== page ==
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This examination of quality guru Ken Peterson’s proven corrective and preventive action (CAPA) innovation techniques provides strategies and sequential principles for refining transformative CAPA innovations, avoiding half-baked solutions and obtaining organizational buy-in of revolutionary quality event management ideas.
Experts at the FDA/Xavier PharmLink conference at Xavier University in March 2018 presented and analyzed the FDA's top 10 drug GMP inspection citations for FY2017 during a panel discussion. The second part of a two-part series.
Experts at the FDA/Xavier PharmLink conference at Xavier University in March 2018 presented and analyzed the FDA's top 10 drug GMP inspection citations for FY2017 during a panel discussion. The first part of a two-part series.
A mock U.S. Food and Drug Administration (FDA) audit can be conducted by an internal team of employees qualified by experience in regulatory compliance or by an external team with previous FDA work experience. Incorporating routine mock FDA audits can help your organization prepare for a FDA audit as well as reduce the number of audit observations and repeat observations received from regulatory authorities.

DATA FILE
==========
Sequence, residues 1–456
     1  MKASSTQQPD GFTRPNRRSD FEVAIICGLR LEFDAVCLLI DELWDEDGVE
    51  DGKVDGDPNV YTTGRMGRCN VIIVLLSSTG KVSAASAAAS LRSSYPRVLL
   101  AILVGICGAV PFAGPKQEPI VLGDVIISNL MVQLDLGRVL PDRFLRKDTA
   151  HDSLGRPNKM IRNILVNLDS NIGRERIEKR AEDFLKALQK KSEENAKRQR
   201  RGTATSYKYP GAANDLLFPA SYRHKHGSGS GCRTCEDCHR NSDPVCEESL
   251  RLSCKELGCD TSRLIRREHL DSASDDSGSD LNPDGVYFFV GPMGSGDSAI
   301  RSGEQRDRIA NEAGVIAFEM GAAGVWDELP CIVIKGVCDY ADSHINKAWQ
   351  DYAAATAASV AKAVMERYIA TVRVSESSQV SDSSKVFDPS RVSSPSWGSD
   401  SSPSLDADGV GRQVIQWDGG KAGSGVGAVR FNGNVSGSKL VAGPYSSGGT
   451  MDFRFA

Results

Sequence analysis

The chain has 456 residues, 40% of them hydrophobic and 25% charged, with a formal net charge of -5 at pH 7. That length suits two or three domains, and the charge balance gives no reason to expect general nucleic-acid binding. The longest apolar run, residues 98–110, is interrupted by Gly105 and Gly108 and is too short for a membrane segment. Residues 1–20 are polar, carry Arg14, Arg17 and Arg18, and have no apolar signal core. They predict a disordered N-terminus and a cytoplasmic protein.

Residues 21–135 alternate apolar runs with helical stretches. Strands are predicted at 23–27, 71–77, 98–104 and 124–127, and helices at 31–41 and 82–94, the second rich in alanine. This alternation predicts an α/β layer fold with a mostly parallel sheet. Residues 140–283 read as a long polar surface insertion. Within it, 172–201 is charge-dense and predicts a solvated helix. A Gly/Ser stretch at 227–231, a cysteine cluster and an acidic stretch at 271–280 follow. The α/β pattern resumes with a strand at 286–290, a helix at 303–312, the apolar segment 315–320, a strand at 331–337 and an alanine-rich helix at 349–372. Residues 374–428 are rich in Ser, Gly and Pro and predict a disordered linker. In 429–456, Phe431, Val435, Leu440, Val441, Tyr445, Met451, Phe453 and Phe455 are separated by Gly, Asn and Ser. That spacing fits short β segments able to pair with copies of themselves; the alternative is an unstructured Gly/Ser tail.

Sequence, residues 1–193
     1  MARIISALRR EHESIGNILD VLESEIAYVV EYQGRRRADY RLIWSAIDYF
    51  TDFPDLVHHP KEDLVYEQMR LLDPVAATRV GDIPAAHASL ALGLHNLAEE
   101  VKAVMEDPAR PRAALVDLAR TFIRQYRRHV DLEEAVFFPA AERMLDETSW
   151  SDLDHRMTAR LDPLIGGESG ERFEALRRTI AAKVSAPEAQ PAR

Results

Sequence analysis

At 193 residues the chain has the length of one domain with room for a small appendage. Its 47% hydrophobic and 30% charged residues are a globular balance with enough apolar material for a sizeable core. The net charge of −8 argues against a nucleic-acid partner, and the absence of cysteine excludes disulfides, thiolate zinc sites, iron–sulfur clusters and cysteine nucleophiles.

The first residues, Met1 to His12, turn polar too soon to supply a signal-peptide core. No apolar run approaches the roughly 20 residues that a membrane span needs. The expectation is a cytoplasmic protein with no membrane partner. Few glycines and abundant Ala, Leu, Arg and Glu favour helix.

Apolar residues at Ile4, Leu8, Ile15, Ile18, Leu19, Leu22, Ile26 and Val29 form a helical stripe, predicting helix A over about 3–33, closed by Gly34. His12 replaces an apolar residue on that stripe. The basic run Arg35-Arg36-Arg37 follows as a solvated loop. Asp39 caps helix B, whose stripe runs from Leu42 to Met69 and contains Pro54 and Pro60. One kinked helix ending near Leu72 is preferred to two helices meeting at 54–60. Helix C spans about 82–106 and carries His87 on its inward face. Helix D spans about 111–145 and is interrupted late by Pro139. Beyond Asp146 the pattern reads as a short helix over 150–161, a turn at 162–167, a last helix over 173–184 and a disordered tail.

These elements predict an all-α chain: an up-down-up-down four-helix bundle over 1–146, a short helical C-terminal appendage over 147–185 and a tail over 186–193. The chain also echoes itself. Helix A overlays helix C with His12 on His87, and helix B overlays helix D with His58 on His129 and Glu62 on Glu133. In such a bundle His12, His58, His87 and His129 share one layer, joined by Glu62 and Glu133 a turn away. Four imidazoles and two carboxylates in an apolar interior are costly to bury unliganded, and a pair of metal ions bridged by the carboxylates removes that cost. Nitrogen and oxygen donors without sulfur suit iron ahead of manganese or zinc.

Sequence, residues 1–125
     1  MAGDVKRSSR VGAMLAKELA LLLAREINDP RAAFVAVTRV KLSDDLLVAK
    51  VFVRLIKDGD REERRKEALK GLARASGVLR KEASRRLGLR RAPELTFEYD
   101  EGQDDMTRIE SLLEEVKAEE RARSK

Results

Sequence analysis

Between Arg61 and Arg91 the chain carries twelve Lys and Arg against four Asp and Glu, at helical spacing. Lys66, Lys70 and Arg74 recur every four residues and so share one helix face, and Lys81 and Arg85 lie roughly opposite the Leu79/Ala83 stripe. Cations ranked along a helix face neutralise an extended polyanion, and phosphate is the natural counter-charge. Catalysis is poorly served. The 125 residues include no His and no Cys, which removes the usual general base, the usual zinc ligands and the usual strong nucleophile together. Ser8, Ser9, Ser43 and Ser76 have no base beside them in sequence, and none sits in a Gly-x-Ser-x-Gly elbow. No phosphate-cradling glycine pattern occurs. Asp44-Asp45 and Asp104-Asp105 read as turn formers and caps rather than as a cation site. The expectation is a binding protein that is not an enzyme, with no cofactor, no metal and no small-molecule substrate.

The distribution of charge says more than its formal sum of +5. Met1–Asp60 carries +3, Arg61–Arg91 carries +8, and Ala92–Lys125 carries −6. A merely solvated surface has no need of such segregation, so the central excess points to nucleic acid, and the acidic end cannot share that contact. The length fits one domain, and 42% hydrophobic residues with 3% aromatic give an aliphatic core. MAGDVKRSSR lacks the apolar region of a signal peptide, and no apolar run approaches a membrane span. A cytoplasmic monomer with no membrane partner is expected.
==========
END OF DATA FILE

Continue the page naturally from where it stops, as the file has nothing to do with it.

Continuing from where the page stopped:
Root cause analysis and corrective actions plans work well for solving quality problems, but how do you prevent quality incidences altogether? You have to dig deeper and investigate what David Manalan dubs the "real root cause."
Glean some insights from the U.K. 's Medicines and Healthcare Products Regulatory Agency (MHRA) recently published final guidance on GxP Data Integrity, two years after the U.S. Food and Drug Administration (FDA) issued draft guidance on data integrity and compliance with Current Good Manufacturing Practice (CGMP).